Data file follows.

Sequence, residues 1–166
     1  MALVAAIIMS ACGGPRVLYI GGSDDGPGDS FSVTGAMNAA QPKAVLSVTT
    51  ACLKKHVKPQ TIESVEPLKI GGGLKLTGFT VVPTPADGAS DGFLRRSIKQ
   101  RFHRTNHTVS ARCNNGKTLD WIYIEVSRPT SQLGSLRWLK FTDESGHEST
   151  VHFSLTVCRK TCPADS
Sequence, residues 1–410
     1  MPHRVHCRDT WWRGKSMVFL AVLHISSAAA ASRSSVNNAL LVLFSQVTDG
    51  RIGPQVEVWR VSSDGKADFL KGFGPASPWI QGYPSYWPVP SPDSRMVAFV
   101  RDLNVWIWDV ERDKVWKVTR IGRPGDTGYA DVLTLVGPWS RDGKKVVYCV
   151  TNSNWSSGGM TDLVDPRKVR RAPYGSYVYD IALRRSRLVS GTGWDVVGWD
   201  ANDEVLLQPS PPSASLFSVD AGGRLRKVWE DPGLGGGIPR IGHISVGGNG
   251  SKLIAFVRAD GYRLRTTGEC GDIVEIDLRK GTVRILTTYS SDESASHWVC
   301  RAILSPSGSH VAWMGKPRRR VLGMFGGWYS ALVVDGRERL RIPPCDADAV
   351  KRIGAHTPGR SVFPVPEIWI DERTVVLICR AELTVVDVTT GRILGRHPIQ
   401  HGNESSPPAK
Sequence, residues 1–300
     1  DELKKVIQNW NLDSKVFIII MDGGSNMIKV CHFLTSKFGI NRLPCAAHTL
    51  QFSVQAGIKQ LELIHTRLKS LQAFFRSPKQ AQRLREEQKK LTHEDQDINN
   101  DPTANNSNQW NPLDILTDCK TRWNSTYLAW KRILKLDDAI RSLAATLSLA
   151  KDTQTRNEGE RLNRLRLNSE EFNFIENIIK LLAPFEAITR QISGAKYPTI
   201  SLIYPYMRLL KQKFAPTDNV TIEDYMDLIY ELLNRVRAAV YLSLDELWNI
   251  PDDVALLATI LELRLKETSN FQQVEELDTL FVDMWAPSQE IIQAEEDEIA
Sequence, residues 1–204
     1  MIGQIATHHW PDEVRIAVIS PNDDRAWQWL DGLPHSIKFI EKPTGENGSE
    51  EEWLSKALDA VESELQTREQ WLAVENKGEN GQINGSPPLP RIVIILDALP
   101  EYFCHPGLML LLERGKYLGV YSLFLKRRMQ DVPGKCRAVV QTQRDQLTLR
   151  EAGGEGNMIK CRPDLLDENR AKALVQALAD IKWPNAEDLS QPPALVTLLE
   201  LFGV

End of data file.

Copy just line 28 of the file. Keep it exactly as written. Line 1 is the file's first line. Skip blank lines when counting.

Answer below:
   201  LFGV